Are You Too Irrational to Choose the Right Appliance?

Are You Too Irrational to Choose the Right Appliance?

The Department of Energy Thinks So
James Broughel | Sep 11, 2013

New energy-efficiency regulations are sold to the public as a benefit to the environment. Regulatory agencies’ own estimates, however, demonstrate that the environmental benefits are only a fraction of the total benefits of these rules and are often exceeded by the societal costs they impose. These costs are passed on to consumers in the form of higher prices on everyday appliances such as microwave ovens, clothes dryers, refrigerators, and room air conditioners.


Moreover, the expected environmental benefits from these rules include projected benefits to foreigners, with US citizens being the recipients of a small fraction of these total benefits.

If the environmental benefits to the United States are so small, how do agencies justify their rules? Regulators believe that consumers make irrational choices when purchasing appliances because they often choose to forgo lower energy bills in the future to pay a low purchase price for an appliance upfront. By forcing consumers to buy higher-end appliances they wouldn’t otherwise buy, regulators believe that they are conferring a benefit by protecting consumers from their own irrational choices.

Justifying regulations based on the premise that consumers are irrational is a dangerous precedent. It sets up government agencies to regulate based not just on market failure but also on personal failure.

Sources:

Department of Energy, “Technical Support Document for Energy Conservation Standards for Residential Refrigerators, Refrigerator-Freezers, and Freezers” (Table 1.2.1), August 2011.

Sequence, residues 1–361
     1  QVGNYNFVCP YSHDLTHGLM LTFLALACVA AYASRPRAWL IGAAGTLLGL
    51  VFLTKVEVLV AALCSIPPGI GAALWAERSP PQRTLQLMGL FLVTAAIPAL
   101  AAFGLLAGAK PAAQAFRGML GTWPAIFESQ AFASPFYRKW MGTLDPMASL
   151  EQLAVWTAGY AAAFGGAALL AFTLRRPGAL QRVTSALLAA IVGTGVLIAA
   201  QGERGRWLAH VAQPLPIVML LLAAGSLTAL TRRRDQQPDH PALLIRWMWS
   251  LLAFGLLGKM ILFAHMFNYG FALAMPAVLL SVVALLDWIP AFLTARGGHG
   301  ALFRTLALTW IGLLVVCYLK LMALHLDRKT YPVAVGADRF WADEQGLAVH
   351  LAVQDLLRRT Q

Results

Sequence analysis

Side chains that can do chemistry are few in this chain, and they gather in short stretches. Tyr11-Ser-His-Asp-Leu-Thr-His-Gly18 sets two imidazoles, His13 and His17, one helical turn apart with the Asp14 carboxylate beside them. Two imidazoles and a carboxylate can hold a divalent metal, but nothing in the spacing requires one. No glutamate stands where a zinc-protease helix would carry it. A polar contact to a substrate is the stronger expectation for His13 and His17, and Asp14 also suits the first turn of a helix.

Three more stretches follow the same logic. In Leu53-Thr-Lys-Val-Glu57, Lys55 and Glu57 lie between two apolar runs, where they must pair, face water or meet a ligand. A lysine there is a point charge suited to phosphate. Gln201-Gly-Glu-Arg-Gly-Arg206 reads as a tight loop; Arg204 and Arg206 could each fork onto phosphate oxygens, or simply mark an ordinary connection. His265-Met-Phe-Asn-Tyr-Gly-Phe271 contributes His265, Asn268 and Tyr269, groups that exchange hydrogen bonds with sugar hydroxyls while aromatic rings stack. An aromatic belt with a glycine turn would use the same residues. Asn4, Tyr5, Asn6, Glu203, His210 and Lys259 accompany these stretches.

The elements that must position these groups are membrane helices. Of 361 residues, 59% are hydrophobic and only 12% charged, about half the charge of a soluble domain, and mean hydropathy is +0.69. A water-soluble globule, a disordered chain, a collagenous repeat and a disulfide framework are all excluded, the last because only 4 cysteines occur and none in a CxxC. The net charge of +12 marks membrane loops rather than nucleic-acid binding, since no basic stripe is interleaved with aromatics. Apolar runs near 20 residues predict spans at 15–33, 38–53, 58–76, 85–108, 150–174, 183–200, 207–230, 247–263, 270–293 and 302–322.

Department of Energy, “Technical Support Document: Energy Efficiency Program For Consumer Products and Commercial and Industrial Equipment: Residential Microwave Ovens – Stand-By Power” (Table 1.2.1), May 2013.

Department of Energy, “Technical Support Document: Energy Efficiency Program For Consumer Products and Commercial and Industrial Equipment: Residential Clothes Dryers and Room Air Conditioners” (Table 1.2.1 and Table 1.2.2), April 2011.

 Data Notes: 

All benefits calculated using a 3 percent discount rate and the Department of Energy’s primary estimate of the Social Cost of Carbon (SCC). For the refrigerator, room air conditioner, and clothes dryer regulations, the SCC value is $22.1/ton (2009$ in 2010) of CO2. For the microwave regulation, the SCC value is $41.1/ton (2011$ in 2016) of CO2. Assumes 15 percent of reductions in CO2 emissions are attributed to the United States. This is the midpoint between 7 percent and 23 percent, the range estimated by the Interagency Working Group on Social Cost of Carbon, “Technical Support Document, Social Cost of Carbon for Regulatory Impact Analysis under Executive Order 12866,” February 2010.


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